Since then, he has struggled to continue that success, pitching to a combined 4.89 ERA over the last two seasons. While Giolito’s specialty is being a strikeout and flyball pitcher, the strikeouts have dramatically declined, from 30.8 percent from 2019-2021 to 25.6 percent in 2022-2023. In addition, he has gotten hit harder since his breakout stretch, with his hard-hit rate rising from 34.5 percent from 2019-2021 to 39 percent in 2022 and 41.3 percent in 2023.

What does he throw?

Lucas Giolito 2023 pitch arsenal

Pitch type Usage Velocity (mph) Spin rate (rpm) Stuff+
Pitch type Usage Velocity (mph) Spin rate (rpm) Stuff+
4-seam fastball 44.4% 93.1 2,173 84
Slider 24.6% 84.0 1,979 107
Changeup 28.6% 80.9 1,979 99
Curveball 2.5% 77.9 2,334 81
Sources: Alex Chamberlain & FanGraphs

Note: Stuff+ is a pitch-quality metric created by The Athletic’s Eno Sarris. More can be read about it here.

Giolito’s regression has coincided with the decline of his fastball. Put simply, it has not been as good since June 16, 2021, when on-field foreign substance inspections by umpires began. Compared to his fastball before then, he has lost around 1 mph of velocity and over one inch of vertical and horizontal movement. That has been enough to turn it from a very good fastball to a startlingly bad one by Stuff+. Whiffs, especially those at the top of the zone, have become less frequent, converting what would be swinging strikes into more frequent and harder contact.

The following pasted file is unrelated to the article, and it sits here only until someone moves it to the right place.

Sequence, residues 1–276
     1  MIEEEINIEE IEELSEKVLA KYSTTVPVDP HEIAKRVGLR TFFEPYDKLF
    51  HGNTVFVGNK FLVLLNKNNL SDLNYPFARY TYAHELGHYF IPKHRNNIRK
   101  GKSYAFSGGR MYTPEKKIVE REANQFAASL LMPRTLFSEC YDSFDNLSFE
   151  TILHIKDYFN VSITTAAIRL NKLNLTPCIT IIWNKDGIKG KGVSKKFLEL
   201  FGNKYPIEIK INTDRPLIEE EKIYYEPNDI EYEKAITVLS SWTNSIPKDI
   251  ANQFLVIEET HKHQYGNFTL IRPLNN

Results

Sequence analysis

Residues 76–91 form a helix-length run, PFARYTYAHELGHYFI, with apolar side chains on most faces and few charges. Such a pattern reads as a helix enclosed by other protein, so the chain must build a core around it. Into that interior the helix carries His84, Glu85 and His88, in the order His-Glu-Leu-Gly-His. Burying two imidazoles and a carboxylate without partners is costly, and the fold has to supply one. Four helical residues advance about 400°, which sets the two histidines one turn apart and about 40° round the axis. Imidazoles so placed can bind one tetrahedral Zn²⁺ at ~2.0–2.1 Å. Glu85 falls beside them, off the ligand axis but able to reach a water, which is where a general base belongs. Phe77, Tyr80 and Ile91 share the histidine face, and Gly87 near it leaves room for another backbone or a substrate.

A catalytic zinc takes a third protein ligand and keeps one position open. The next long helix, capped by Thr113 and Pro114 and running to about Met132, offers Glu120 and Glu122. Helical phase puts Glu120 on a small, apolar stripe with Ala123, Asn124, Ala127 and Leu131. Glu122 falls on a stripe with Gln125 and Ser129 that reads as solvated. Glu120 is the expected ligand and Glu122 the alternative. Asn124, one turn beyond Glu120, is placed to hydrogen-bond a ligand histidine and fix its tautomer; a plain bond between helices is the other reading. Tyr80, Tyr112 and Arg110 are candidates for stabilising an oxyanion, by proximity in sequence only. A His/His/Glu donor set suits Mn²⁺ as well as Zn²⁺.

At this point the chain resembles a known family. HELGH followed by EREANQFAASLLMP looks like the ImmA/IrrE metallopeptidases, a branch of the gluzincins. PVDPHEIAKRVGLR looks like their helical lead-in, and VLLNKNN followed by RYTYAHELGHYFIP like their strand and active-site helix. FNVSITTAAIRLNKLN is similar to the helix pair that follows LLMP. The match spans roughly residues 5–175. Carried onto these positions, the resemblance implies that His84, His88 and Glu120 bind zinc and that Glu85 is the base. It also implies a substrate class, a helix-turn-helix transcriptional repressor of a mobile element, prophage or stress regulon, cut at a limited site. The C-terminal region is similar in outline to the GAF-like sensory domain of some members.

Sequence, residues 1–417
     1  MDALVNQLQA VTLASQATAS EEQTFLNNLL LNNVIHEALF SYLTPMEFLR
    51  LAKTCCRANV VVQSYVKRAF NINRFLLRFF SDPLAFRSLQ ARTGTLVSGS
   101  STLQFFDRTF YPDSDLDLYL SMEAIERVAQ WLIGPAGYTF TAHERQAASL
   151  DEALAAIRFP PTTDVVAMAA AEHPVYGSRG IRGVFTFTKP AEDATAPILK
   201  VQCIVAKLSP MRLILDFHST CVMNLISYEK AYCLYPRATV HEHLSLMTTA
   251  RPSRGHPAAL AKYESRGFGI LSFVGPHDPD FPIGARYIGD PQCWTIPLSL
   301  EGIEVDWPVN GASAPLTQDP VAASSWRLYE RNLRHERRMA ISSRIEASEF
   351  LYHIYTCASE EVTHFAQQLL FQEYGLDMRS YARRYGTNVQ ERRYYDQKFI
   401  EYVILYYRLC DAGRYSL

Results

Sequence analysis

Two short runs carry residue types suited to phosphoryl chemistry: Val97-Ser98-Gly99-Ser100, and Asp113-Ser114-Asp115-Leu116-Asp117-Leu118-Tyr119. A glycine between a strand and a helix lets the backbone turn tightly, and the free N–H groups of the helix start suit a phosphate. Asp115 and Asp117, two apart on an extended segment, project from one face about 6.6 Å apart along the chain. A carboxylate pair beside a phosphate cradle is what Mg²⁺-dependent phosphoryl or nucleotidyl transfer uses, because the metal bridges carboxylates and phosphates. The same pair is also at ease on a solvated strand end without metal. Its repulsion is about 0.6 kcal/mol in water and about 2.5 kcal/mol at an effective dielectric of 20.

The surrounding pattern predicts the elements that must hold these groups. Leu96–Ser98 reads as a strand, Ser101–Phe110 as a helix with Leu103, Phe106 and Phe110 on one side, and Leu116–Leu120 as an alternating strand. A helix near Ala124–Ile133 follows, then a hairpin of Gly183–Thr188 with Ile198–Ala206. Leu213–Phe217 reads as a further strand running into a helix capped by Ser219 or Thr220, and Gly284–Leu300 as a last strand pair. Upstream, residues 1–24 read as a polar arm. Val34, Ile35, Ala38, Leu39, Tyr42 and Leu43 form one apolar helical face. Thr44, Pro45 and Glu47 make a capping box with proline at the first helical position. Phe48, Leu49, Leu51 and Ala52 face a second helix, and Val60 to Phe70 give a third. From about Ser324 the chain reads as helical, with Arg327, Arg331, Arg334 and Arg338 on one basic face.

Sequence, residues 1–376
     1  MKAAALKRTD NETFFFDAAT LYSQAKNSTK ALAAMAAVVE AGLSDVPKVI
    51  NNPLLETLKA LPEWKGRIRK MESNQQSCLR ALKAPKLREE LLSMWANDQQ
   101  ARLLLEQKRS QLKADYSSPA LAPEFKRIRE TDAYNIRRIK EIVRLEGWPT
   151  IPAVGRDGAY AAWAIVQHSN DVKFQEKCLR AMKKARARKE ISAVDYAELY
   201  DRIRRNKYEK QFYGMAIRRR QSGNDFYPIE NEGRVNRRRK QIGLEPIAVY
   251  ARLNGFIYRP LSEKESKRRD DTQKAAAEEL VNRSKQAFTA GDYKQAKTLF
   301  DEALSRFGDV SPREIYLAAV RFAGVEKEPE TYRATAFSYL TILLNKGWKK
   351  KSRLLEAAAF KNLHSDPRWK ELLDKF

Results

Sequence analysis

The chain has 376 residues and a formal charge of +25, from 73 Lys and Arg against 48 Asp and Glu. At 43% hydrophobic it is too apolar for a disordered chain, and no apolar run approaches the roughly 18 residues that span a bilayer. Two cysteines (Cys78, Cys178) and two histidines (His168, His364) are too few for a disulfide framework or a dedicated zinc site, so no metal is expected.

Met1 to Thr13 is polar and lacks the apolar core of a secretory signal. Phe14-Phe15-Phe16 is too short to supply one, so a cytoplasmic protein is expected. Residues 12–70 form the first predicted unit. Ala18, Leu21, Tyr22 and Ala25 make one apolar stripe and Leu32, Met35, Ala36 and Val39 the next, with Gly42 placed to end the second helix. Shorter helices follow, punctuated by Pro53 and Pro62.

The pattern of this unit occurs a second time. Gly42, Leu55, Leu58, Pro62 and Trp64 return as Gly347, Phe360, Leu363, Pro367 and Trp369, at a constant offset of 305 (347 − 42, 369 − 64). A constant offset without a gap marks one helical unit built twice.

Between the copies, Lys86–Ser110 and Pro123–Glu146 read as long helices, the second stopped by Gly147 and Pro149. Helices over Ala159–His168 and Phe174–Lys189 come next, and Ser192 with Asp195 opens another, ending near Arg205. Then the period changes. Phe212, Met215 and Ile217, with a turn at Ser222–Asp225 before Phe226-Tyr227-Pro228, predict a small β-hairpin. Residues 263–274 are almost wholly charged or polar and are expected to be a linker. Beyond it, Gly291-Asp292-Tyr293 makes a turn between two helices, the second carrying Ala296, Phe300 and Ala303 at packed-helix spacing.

Lucas Giolito fastball characteristics, 2021-23

Date(s) Velocity (mph) Spin rate (rpm) Vertical Mvt. (in.) Horizontal Mvt. (in.) Whiff % Stuff+
Date(s) Velocity (mph) Spin rate (rpm) Vertical Mvt. (in.) Horizontal Mvt. (in.) Whiff % Stuff+
Apr 1-June 15, 2021 93.7 2,427 19.4 -7.5 22.8% 117
June 16-Oct 3, 2021 93.9 2,285 18.8 -6.1 27.7% 104
2022 92.6 2,172 18.0 -5.4 21.3% 85
2023 93.1 2,173 18.1 -5.5 20.0% 84

The quality and performance of the fastball would be the main argument against signing Giolito. The argument in favor is that he still has two good secondary pitches and has put together good stretches within the last two seasons. Despite a 4.90 ERA, other ERA estimators were more optimistic, as evidenced by his 4.06 FIP/3.79 SIERA for 2022. In the first half of 2023, he also pitched to a 3.45 ERA and 4.18 FIP, so there is still at least a serviceable starting pitcher in Giolito. By today’s standards, he is also valuable from his ability to be available, as he ranks seventh in innings pitched (773⅔) and is tied for sixth in games started (135) since 2019.